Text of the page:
This misdiagnosis can have profound consequences, as it obscures the true nature of their neurodivergent characteristics. In addition to this, misdiagnosis is known to be even more prevalent in women.

"Nearly 80% of women with autism are misdiagnosed – often with conditions such as borderline personality disorder, eating disorders, bipolar disorder and anxiety. It’s currently unknown how often women with ADHD are misdiagnosed."

As Taylor mentioned in the podcast, she was diagnosed when at 32 and she probably wouldn’t have been diagnosed if she hadn’t taken control.

"It did feel comforting having something to attribute certain behaviours to, because I think you carry a lot of shame with those behaviours and you’re like, why can’t I be normal?”

During a D&AD talk titled 'Neurodiversity and its Importance in the Workplace’, we had the opportunity to hear from Kim Lawrie, Head of Tech at House 337. Kim discusses the element of shame during her talk, “there is a scientific impact of shame and we should talk about that more.”

This links directly back to our conversation with Taylor, when she refers to her life, post-diagnosis.

“People were calling me weird,” she says, and “I felt like there was just something wrong with me”.

This is relevant because shame is a survival response in the brain that cuts off creativity. Kim explains further;

“The prefrontal cortex, where creativity and productivity are stored, goes completely dark when the part of the brain that stores shame gets activated. You scientifically cannot function when you’re ashamed, so you go into fight or flight mode.”

Kim goes on to share her personal experience of searching for a junior role in the tech industry and the disparity that she encountered. Out of the ten positions she applied for, she disclosed her autism in five applications and omitted it from the remaining five. Surprisingly, all five businesses that received her CV with the autism disclosure rejected her application, while she received interview invitations from all five companies where she did not disclose her autism.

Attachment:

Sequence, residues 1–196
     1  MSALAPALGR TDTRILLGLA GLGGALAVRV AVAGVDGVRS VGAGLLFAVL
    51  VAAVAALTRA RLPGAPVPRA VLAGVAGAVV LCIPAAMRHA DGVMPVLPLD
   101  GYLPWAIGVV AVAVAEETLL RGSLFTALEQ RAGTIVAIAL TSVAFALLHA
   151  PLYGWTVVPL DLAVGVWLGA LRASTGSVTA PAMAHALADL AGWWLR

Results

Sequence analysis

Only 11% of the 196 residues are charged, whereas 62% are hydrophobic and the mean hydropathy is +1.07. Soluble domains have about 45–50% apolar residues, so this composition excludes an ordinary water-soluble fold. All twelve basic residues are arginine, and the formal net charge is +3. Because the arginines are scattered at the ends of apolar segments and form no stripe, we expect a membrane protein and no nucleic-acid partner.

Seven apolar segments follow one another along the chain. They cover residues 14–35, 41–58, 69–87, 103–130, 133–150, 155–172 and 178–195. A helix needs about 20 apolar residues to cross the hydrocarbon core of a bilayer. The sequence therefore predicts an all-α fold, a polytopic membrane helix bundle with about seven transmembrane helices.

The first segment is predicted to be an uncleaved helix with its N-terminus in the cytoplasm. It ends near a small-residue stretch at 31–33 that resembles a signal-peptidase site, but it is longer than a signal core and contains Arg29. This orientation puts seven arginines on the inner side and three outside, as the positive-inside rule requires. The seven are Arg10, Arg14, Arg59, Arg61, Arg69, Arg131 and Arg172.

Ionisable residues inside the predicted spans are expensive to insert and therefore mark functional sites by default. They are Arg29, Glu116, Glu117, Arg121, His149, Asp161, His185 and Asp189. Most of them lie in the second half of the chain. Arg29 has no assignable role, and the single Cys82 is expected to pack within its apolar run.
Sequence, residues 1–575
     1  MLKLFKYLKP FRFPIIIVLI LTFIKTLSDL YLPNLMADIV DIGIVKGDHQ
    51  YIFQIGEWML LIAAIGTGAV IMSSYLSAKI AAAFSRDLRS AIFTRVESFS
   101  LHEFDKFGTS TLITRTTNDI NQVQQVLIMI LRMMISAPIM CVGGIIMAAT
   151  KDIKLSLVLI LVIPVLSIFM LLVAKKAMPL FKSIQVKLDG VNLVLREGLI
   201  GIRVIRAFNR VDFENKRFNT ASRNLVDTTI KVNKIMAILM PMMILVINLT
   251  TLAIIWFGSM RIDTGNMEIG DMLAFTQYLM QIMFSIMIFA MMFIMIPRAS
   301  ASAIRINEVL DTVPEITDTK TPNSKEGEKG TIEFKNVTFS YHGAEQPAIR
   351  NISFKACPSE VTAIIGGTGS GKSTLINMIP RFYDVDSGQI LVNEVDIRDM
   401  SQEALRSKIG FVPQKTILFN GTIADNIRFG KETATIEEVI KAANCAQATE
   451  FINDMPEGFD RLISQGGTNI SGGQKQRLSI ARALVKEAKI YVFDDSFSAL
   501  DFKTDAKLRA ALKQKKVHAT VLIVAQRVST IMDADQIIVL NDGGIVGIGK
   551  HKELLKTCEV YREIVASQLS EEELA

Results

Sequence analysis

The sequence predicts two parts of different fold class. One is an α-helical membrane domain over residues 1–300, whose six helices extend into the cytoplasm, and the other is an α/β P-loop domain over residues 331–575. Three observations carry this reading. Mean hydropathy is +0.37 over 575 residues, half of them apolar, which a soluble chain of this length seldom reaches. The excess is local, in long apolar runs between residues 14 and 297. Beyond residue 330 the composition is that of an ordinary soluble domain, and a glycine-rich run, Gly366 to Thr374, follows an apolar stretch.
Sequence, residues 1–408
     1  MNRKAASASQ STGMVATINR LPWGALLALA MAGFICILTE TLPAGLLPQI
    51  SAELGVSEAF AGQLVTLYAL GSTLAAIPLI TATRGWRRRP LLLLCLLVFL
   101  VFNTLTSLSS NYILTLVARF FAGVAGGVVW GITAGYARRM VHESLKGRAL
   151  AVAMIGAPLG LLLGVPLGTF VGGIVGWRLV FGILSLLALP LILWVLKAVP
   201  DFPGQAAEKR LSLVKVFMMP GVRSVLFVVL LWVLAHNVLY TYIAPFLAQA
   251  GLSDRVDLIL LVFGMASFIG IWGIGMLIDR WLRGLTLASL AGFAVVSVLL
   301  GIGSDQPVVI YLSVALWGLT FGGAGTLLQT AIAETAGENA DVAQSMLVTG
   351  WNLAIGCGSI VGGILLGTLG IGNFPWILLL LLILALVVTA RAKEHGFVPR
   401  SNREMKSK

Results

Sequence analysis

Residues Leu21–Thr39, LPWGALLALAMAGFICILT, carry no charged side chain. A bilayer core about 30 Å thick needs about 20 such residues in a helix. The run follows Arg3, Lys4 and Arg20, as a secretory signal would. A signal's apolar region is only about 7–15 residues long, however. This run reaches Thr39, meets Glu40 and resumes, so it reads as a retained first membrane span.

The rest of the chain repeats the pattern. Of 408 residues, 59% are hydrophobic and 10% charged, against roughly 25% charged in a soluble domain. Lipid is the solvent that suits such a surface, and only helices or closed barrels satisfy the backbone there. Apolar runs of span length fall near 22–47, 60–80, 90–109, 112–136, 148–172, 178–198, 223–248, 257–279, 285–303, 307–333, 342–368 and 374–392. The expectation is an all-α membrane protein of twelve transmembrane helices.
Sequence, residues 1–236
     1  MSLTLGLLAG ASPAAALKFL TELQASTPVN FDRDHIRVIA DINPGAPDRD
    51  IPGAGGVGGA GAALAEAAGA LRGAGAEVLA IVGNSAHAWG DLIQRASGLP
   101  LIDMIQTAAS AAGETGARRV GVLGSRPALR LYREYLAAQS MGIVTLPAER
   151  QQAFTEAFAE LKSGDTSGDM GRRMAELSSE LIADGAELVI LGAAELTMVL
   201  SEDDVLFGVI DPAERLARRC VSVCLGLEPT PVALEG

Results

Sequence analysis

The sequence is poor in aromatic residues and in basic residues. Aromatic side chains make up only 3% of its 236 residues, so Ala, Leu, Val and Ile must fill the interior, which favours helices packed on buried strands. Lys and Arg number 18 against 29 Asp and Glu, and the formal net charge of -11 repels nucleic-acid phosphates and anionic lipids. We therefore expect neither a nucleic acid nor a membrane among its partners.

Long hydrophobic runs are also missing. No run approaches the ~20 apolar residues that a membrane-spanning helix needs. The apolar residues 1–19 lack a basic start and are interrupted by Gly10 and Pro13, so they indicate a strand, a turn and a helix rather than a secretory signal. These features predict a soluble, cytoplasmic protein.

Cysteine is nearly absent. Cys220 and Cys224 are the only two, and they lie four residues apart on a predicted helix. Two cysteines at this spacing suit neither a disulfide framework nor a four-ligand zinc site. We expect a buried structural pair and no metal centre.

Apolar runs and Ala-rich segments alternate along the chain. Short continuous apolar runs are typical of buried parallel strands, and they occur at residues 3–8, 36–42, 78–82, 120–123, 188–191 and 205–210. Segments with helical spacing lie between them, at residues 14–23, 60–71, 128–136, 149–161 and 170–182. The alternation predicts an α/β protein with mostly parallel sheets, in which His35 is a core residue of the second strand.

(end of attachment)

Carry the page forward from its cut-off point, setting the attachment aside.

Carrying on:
In addition to this story, she shared that only 20% of autistic people are employed and of the 20% who do have jobs, 67% are unwilling to disclose that they are neurodiverse.

For some, sharing their diagnosis or condition can be empowering, as it allows them to advocate for necessary accommodations and support. But there is still a lot to be done in terms of businesses fostering more inclusive work environments.

With all this in mind, the main question is, how can businesses create a more inclusive environment for neurodiverse individuals?

⭐️ Develop clear policies

⭐️ Foster inclusivity in hiring

⭐️ Encourage open dialogues

⭐️ Provide relevant accommodations e.g. sensory-friendly spaces, flexible work options, mental health support, support networks

⭐️ Offer neurodiversity training and educate colleagues

⭐️ Embrace different communication styles and focus on abilities

At Talent Atelier, we have years of experience recruiting for businesses who want to be inclusive with their hiring as well as those just starting their journey.

To learn more about how we could work together email us on

Our podcast The Atelier is also available here.